Everyone wants the perfect lawn. Some people just don’t have the basic ingredients readily available at the house to accomplish it. Otherwise, they would already have a good-looking lawn.
One alternatives for establishing a better lawn is to top dress a lawn and not have to dig it all up. There is nothing wrong with rototilling an area that has very little grass established, but here in the Boston area there are going to be rocks brought up to the surface that will then need to be raked out and hauled away. The labor factor in getting all the rock out and finding a dump site to get rid of the rock can certainly be hard to do in the Boston area. The goal is to provide a good planting medium for the grass seed and not disturb the underlying area since the work factor goes way up by a factor of at least ten-fold in time and labor. These days, no one seems to have extra time available or if you do have some, you want to use it for your interests.
Creating a good seed bed for the grass seed is the goal of this effort. The first thing to do is cut the lawn as close as possible so that the dirt that is going to added will not fold over and mat down tall grass as would happen if the existing grass is not mowed short. Then, if the mower does not pick up most of the clippings, rake up the dead grass or clumps of grass that may be left behind. This also lets the loam sift down around the short stems of grass. Grass seed needs to be covered by about an eighth of an inch to a quarter of an inch of loam. Keep the seed moist and have the seed germinate well.
Spread screened loam evenly across the areas to be planted. This forms the foundation of the seed bed. One of two ways works for us. Plan "A" is to bring a wheelbarrow with soil in it, park it off to the side from the area to be top dressed and, with the shovel, cast the soil across the area to be reseeded to create a thin layer of new, clean, rich loam. With practice, this can create a thin layer of soil and stretch the material to be spread a long way. If the thickness is kept uniform at 1/4", you should expect to use three-quarters of a yard of loam. Since it is hard to be that accurate, it is probably best to figure on buying a yard of material for a project that size. The other way is to dump small piles of soil and rake the piles out over the grass to be reseeded. With that, you have created a medium to germinate the grass seed in and fill in the lawn so it will look good.
Next, when the soil is all leveled out, it is ready to plant the seed. Spread the grass seed evenly across the area to be planted. For small areas, hand spreading is fine. In larger cases, a spreader helps to evenly distribute the seed. If lime and fertilizer is needed, add it with a spreader at this time. Next on the list of the things to do is to take a lawn rake, turn it upside down and lightly mix the seed and fertilizer into the soil. By lightly back-dragging the rake, a good mixing action can be achieved. A cross hatch pattern helps to mix the soil and prevent lines of seed forming. The goal is to even out the grass seed and cover it with a very light coating of dirt. Using screened topsoil makes this easier since not a lot of rock or stones will need to be removed. The key to good germination is good soil/seed contact. This keeps the germinating seed wet so it will fill in quickly before the weeds get too far ahead. If a roller is available, lightly roll the area so there is good contact with the soil.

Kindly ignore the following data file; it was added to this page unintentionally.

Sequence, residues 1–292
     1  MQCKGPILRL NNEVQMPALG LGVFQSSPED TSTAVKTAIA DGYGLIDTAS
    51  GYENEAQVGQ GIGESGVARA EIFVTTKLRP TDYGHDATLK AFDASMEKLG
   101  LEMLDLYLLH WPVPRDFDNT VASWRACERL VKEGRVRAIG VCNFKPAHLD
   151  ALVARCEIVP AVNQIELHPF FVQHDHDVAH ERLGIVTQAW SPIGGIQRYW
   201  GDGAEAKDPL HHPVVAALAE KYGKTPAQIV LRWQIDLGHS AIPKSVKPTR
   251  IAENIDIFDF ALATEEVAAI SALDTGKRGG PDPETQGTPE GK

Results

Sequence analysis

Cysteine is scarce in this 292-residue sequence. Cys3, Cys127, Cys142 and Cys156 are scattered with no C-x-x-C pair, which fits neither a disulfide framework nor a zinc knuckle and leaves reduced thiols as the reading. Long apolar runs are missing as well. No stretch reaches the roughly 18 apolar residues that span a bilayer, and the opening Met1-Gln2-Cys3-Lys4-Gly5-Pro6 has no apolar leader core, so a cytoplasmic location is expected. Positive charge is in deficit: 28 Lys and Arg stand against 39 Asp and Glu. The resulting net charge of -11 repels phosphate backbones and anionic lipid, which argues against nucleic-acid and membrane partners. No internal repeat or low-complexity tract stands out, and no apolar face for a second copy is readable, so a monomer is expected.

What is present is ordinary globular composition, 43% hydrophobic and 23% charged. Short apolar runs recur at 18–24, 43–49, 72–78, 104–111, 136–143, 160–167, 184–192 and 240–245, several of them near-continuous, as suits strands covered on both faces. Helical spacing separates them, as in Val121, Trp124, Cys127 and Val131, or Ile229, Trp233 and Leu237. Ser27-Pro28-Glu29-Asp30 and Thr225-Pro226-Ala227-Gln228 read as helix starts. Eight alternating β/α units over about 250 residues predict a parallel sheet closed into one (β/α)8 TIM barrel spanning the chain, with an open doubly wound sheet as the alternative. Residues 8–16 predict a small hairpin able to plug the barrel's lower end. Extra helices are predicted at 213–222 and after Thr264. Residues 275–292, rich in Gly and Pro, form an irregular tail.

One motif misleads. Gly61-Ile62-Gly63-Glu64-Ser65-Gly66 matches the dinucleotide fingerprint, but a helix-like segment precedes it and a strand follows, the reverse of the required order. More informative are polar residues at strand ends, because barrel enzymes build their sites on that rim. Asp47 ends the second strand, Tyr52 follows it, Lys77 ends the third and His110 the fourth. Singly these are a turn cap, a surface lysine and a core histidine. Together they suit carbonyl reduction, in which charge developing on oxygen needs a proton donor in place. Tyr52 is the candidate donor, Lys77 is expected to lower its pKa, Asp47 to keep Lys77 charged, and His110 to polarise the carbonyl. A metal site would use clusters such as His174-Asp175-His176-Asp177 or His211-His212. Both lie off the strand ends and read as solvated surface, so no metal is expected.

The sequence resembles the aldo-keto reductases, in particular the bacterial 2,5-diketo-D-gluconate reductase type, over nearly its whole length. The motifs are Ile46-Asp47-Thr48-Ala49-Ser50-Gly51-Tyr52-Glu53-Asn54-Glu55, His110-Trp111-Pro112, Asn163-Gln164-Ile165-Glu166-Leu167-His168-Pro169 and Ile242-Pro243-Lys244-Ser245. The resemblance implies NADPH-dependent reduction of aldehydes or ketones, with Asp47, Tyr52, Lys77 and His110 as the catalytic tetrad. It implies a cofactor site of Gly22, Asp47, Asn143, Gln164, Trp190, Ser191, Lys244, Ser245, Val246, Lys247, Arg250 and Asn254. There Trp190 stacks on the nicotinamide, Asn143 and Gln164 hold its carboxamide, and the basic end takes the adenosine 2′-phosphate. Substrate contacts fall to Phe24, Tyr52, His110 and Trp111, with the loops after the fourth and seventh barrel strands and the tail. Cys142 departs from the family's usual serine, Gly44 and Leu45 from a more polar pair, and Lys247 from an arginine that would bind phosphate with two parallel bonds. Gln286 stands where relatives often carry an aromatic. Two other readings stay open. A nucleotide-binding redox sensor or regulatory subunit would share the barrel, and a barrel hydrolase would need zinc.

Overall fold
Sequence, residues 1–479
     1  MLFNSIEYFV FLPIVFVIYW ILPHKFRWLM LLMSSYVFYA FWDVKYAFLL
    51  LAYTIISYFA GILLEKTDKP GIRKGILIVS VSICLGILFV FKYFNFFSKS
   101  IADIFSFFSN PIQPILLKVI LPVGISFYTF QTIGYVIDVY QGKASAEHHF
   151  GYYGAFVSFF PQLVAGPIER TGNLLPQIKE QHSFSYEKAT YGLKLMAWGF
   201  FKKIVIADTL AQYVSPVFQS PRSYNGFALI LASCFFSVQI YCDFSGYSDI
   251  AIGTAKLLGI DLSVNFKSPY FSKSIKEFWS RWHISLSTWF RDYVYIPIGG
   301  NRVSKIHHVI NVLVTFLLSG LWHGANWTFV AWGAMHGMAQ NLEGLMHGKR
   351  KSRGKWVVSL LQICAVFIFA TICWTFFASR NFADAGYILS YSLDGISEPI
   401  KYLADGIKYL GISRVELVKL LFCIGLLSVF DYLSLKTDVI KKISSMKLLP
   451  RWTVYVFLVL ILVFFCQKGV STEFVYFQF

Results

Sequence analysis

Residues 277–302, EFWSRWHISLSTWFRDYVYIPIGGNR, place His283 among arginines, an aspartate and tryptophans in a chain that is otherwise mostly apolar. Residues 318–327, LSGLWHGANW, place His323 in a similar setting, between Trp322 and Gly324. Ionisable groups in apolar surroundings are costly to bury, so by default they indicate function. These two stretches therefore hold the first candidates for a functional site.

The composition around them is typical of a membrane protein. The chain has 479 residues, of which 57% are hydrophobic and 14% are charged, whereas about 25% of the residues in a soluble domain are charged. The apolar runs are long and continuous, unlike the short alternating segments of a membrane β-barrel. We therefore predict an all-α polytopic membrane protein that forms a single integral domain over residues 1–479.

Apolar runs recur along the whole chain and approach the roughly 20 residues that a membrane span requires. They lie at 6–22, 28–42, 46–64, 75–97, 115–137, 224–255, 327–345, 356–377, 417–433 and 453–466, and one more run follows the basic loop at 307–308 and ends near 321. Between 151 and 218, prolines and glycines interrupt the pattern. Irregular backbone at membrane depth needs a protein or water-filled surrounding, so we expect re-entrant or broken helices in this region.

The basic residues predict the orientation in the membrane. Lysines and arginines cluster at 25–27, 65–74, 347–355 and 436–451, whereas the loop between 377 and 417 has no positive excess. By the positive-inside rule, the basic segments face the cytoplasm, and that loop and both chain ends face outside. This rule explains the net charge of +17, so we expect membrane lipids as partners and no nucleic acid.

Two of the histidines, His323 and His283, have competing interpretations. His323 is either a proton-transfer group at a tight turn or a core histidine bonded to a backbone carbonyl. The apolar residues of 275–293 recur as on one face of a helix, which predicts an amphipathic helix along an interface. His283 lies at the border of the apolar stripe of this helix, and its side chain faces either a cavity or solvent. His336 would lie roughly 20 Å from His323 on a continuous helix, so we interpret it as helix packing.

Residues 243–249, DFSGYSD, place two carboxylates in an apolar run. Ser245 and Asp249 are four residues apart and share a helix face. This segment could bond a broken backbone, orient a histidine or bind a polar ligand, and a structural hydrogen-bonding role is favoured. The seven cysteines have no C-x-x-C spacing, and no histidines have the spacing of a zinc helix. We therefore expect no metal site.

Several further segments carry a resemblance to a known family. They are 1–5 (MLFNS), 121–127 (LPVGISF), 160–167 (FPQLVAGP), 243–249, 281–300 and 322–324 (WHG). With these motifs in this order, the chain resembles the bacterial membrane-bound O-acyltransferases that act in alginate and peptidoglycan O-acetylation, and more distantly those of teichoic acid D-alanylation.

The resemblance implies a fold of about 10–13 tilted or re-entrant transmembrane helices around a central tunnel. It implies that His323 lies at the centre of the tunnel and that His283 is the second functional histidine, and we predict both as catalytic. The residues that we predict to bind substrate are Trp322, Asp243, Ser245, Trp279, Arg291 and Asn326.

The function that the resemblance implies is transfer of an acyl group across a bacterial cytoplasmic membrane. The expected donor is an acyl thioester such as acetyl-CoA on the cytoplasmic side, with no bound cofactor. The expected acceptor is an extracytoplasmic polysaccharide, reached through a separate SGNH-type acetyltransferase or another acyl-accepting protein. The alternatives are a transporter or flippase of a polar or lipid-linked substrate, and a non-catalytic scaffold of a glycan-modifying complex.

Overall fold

Successful germination is a snap with frequent light watering. If you keep the top layer of soil wet, the seed will come up fast and full. It does not need to be a drenching watering. Just the top layer of soil where the seed is should be kept moist. So, with a 5- to 10-minute watering, twice a day, and the temperature above 70 degrees, the grass will germinate in 3 to 4 days. Germination rates will also vary based on the type of seed. Some seed types are just really slow to germinate; others are planted just because they germinate and come up fast. We find that using an inexpensive timer works well to just wet an area, then it turns off. Move the sprinkler to another area and let it run for 5 minutes. You do not want to drench the area or have run-off since it may wash out the grass seed and cause bare spots. The more consistently you keep the surface wet, the more consistent the grass growth will be and the faster it will fill in.
Firt cutting should be when you will take off a third of the blade of grass or less. Make sure that the blade is just sharpened so that it will cut the grass easily and not tend to shatter the blades of new grass or pull them out of the soil. If you stop and look closely at the cut grass, the cut should be even across the blade, not jagged or torn. After two mowings and the grass is established, go back to regular watering based on rainfall. With enough water, you can grow grass on a rock or the body of a Jeep. If you have a problem with getting the grass going, the problem is most often not enough water. So, enjoy your better-looking lawn and mowing. As it fills in, you can combat the weeds with weed killers that are selective and keep weeds from competing with the turf looking great.
Buying Loam for a lawn
If, in fact, you are looking to improve your lawn and are going to being buying screened loam, please check out our loam calculator to easily figure out the amount of loam needed by putting in the length and width of the area to be covered and the depth of soil you want. It will accurately calculate the amount for you. When you know that, call Paul at 781-254-2773.